ADBE

  • Posted: 30 October 2010 05:21 PM

    I’m looking to determine what investors should expect from Adobe over the next couple of years. The company can ride the CS5 revenue rise for a little while longer, but what’s the future of boxed software makers in the era of handheld devices?

    Flash may not have the same growth prospects it did a year ago and Acrobat, while now a standard, will not fuel the levels of growth investors are apt to desire.

    Obviously there’s a built-in market for pro-level content creation products. But I’m wondering if a suitor needs to appear to provide shareholders with a satisfying return on their investment.

         
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    Posted: 30 October 2010 11:41 PM #1

    JMO…........... 

    Adobe has 10+ years of zero percent share price growth: Seems like a perfect fit for a Softie takeover. Adobe’s product line (aging heritage SW) even fits MS perfectly. Finally, a MS takeover would allow them to waste untold Billions maintaining the charade of Flash.

        JohnG

         
  • Posted: 30 October 2010 11:45 PM #2

    johnG - 31 October 2010 02:41 AM

    JMO…........... 

    Adobe has 10+ years of zero percent share price growth: Seems like a perfect fit for a Softie takeover. Adobe’s product line (aging heritage SW) even fits MS perfectly. Finally, a MS takeover would allow them to waste untold Billions maintaining the charade of Flash.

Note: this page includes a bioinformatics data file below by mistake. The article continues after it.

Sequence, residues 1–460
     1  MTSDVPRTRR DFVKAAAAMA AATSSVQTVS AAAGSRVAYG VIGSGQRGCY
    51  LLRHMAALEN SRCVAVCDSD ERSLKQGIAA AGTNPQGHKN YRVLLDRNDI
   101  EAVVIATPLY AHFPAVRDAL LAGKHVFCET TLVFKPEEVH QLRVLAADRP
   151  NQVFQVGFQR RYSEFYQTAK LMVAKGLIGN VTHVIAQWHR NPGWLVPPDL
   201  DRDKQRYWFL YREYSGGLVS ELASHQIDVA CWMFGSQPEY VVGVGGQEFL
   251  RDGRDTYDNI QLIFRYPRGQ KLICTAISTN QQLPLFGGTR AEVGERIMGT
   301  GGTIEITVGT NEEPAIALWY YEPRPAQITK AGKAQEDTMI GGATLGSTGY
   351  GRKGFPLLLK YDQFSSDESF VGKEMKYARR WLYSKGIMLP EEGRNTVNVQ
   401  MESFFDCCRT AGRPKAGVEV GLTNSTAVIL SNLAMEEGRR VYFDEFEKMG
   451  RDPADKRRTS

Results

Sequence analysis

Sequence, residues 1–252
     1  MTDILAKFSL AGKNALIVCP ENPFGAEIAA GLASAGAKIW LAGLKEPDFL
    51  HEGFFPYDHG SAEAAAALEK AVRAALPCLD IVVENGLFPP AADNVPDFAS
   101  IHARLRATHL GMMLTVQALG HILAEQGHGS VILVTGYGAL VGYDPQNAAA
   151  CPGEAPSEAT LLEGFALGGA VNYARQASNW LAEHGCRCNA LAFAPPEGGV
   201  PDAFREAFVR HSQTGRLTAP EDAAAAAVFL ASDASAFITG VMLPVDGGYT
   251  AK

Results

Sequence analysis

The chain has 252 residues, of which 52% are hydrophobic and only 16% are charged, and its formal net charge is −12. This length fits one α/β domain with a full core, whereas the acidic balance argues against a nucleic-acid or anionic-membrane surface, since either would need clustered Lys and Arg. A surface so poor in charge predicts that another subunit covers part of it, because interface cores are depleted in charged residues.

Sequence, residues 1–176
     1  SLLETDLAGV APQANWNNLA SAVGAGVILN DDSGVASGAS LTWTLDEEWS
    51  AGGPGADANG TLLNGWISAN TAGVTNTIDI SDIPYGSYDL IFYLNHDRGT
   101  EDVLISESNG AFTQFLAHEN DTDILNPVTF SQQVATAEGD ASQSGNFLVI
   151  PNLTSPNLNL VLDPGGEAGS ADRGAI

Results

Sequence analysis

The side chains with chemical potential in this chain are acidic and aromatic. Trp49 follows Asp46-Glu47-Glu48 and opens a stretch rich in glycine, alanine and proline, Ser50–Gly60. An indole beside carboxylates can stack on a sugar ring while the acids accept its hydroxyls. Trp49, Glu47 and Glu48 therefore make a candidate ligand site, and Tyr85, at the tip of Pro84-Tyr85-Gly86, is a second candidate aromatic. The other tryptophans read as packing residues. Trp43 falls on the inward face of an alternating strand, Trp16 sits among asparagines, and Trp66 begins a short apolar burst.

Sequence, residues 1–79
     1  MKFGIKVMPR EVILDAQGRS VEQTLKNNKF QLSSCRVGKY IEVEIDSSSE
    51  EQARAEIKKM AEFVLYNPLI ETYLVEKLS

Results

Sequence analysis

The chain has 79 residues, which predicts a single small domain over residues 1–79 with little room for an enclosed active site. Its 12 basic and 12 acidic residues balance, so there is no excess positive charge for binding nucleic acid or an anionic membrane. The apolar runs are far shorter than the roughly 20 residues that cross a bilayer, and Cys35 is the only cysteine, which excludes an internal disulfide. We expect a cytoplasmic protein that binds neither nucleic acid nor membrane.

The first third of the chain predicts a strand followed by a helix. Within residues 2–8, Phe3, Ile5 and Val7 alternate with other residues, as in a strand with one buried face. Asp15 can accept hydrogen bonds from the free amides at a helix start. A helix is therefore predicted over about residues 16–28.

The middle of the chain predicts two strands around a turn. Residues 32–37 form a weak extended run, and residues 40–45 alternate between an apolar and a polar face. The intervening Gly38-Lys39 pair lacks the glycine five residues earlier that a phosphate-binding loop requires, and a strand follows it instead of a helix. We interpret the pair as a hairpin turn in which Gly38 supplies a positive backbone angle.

JohnG

    That’s an interesting view. Adobe might be uniquely suited for Microsoft and vice versa. Either way, I don’t see a way around an eventual sale of the company to another big, boxed software enterprise.

         
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    Posted: 01 November 2010 11:20 AM #3

    johnG - 31 October 2010 02:41 AM

    Seems like a perfect fit for a Softie takeover.

    there’s times I wish TMO had the option of voting on posts. I’d have given this one a big +.

    Not that I agree with it wholeheartedly but the idea of equating Adobe and MS because they are both Big Boxed Software Companies (BBSC, can I copyright that?) pushing products with their roots in the last century is brilliant.

    Of course if Ballmer decided to sink millions into buying Adobe that would guarantee it would fail and disappear within a couple of years.